Carbocolor® carbon black offers the concrete construction industry superior depth of color and color retention. Its large particle size and chemical inertness provide significant resistance to long-term weathering and aging, acids, alkalis and heat. Typical applications include paving stones (pavers) and roof tiles, as well as various cements and mortars.
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Thermax® CARBOCOLOR is a concrete colorant used to give a dark grey color with blue undertone
Thermax® Carbocolor® is a concrete colorant used to give a dark grey color with blue undertone.
In lab testing, Carbocolor® has shown to provide superior UV light resistance to concrete versus iron oxide.
Carbocolor® represents a promising alternative to iron oxides and other carbon blacks. Its large particle size makes it a much more suitable concrete pigment than any other carbon black. Its inert nature gives it colour stability not found in iron oxides.
The Thermax® Advantage
Thermal carbon black is manufactured by the thermal decomposition of natural gas. The thermal process provides a unique carbon black characterized by a large particle size and low particle aggregation which differs from the carbon black grades produced by the furnace black or lamp black processes. Cancarb thermal black is currently used in a wide variety of applications, from rubber and plastic products to metallurgical carbides and other advanced materials, due to its high purity.
The benefits of Thermax® N990 and Carbocolor in concrete include:
- Improved weathering resistance
- No visible signs of pigment migration
- No oxidation or reduction of pigment
- Excellent grey to black coloring with blue undertone
Applications for Carbocolor® include:
- Driveways, sidewalks, and retaining walls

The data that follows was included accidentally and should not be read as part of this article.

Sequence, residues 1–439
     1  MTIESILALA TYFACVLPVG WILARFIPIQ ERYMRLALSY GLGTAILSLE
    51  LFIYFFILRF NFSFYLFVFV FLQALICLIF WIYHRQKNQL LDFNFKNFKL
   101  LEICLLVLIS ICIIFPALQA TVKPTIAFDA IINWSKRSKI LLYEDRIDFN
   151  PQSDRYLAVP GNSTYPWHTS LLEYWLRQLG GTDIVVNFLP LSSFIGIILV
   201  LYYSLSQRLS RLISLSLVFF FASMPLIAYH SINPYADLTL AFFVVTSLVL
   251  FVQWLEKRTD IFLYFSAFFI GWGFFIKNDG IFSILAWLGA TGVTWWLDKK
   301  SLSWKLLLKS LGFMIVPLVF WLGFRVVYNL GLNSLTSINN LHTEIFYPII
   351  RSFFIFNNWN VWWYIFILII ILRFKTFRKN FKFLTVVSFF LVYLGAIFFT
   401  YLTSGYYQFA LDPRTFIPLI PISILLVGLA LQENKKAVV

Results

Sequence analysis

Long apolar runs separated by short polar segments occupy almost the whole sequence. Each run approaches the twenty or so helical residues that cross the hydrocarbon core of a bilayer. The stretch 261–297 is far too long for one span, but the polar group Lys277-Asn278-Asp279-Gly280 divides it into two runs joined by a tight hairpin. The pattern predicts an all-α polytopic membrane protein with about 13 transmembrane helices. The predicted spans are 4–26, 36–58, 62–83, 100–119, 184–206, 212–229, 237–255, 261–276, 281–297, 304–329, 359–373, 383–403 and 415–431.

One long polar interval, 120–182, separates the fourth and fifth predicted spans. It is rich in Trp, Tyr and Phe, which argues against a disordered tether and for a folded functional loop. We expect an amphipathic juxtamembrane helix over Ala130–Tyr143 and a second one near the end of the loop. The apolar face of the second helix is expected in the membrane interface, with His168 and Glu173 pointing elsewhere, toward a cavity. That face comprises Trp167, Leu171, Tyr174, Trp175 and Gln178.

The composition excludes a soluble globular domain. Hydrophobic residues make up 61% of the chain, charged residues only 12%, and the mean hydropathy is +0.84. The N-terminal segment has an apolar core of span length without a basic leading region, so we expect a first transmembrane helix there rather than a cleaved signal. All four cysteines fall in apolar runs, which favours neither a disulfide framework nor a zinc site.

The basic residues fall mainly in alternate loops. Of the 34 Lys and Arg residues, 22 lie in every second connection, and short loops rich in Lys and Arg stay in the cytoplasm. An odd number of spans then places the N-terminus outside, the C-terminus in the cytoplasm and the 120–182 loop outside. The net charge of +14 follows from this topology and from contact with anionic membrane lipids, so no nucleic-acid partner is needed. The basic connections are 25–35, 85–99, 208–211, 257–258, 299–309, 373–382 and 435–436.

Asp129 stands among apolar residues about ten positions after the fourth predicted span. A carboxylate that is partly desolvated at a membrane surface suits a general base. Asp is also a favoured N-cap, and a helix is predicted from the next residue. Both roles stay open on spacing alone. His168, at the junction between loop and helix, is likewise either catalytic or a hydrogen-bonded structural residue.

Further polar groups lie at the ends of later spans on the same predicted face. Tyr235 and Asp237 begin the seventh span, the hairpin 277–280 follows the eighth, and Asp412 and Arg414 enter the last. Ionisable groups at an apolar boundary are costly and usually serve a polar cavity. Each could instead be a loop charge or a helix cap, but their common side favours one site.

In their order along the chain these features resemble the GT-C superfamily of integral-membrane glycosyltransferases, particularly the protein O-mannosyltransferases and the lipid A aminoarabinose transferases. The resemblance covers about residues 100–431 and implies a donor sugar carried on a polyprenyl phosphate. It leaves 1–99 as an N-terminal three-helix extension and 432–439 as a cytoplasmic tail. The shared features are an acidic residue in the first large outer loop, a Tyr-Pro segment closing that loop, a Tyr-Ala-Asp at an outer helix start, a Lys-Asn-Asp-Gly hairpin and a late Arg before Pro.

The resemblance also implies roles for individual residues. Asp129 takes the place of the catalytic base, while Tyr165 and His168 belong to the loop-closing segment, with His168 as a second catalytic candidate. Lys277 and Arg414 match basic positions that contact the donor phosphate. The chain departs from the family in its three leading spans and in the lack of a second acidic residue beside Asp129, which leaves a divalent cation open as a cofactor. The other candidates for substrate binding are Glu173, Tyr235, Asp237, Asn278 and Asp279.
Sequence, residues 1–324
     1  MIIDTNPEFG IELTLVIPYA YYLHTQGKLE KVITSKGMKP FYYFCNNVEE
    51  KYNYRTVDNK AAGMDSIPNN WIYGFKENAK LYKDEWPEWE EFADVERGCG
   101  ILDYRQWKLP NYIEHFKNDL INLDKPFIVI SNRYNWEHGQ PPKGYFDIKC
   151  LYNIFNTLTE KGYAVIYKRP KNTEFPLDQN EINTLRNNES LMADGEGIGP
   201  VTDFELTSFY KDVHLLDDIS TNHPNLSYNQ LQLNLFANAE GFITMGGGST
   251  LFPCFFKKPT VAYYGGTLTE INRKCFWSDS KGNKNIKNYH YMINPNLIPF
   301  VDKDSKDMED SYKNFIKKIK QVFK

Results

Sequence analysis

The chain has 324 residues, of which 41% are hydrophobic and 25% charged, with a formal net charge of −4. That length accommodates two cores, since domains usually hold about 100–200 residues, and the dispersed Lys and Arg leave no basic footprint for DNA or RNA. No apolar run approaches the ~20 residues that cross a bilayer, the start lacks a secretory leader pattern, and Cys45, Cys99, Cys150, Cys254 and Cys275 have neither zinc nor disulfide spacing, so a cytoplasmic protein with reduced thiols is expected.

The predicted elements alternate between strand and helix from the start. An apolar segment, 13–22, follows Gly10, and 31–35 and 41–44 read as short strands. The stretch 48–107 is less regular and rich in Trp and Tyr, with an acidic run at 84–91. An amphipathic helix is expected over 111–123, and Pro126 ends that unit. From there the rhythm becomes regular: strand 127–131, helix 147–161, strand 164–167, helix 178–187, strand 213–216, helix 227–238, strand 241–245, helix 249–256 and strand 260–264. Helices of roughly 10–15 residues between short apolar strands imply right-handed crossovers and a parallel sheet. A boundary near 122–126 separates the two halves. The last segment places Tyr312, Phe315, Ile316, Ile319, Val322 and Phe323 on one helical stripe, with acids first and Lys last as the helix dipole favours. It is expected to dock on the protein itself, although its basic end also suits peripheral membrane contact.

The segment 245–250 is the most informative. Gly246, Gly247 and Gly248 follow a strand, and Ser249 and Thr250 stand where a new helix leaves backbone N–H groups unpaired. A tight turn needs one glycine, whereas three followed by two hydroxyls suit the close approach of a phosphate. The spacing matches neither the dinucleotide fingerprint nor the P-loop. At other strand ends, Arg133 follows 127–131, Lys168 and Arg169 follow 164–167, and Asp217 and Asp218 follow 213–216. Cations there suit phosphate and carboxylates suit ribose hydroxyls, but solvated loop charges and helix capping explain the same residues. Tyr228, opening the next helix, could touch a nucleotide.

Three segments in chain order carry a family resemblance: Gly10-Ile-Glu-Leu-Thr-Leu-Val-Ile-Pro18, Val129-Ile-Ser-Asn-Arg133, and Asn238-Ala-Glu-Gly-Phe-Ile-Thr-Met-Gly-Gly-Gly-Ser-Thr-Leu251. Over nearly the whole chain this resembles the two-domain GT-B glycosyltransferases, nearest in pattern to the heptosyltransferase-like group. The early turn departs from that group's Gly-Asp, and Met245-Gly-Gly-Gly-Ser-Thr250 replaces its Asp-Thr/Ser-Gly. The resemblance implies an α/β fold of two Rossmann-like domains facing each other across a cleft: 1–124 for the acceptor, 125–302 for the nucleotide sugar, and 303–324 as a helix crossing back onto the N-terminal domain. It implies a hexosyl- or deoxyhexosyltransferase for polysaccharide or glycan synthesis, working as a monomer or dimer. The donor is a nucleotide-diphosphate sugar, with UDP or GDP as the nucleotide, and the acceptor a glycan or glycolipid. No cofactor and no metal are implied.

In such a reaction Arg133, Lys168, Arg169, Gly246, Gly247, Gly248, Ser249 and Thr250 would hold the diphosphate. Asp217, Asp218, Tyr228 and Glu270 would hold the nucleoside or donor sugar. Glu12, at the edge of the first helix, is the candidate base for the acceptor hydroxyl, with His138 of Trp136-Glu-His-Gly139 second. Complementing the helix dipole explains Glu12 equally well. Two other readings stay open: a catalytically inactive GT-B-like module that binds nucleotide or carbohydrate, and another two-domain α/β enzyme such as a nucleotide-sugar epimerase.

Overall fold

- Coloured masonry products such as paving stones, block, and bricks
- Concrete roofing tile
- Precast products such as bird baths and fountains
CARBOCOLOR® Lab Results
UV Light Testing
The services of a Canadian Standards Association approved laboratory, Powertech of Vancouver, Canada, were retained to perform comparative UV light resistance testing of Carbocolor® and iron oxide over 500 hours. The following ASTM test methods were performed:
- ASTM G53 – Practice for Operating Light Exposure Apparatus (Carbon-Arc Type) With and Without Water for Exposure of Nonmetallic Materials
- ASTM D2244 – Spectrophotometric Method of Measuring Color Differences in Exposed and Unexposed Specimens. Uses Illuminant D, Hunter Lab scale with specular component.
In the Hunter Lab color space, L represents the dark-light component, a represents the green-red component, and b represents the blue-yellow component. It was found that differences in a and b were insignificant; thus the changes in L explained nearly all of the total colour differences (delta E) of the samples. In the tests performed by Powertech, the samples were not subjected to any weathering other than UV radiation.
Figure 1 shows a plot of delta E with respect to the pigment weight percentage. The tests demonstrate that Carbocolor® has superior UV light resistance characteristics in concrete, especially at higher loadings. Note the high degree of fading found in the uncoloured control sample; the fading of concrete alone could play a significant role in the fade resistance of the coloured samples.
Concrete Water Immersion and Accelerated Weathering Testing
Tips for Using Carbocolor®:
- Measure out the appropriate quantity of pelletized Carbocolor®. This quantity is taken as a percentage of the total cementitious material in the concrete. The quantity of fly ash is to be included as part of the cementitious amount.
- Ensure that the Carbocolor® is incorporated into the mixer before the cement or aggregate material. Hand mixing is not recommended. If hand mixing is necessary, use powder grade Carbocolor® and mix vigorously.
- Allow at least 15 minutes of mixing time for maximum effectiveness.
- Carbocolor® has a tendency to deplete the level of air entrainment in concrete. Raise the level of air entrainment additive accordingly. Establishing the optimum amount of air entraining agent may require several trials.
- Have a large enough supply of water to dilute the mixture if necessary. The slump of the wet concrete is often higher when a pigment is used.
- Avoid performing pours in hot dry weather as it may cause cracking in the curing concrete.
- Avoid performing pours in wet, rainy weather as it will result in a spotty and unappealing surface finish.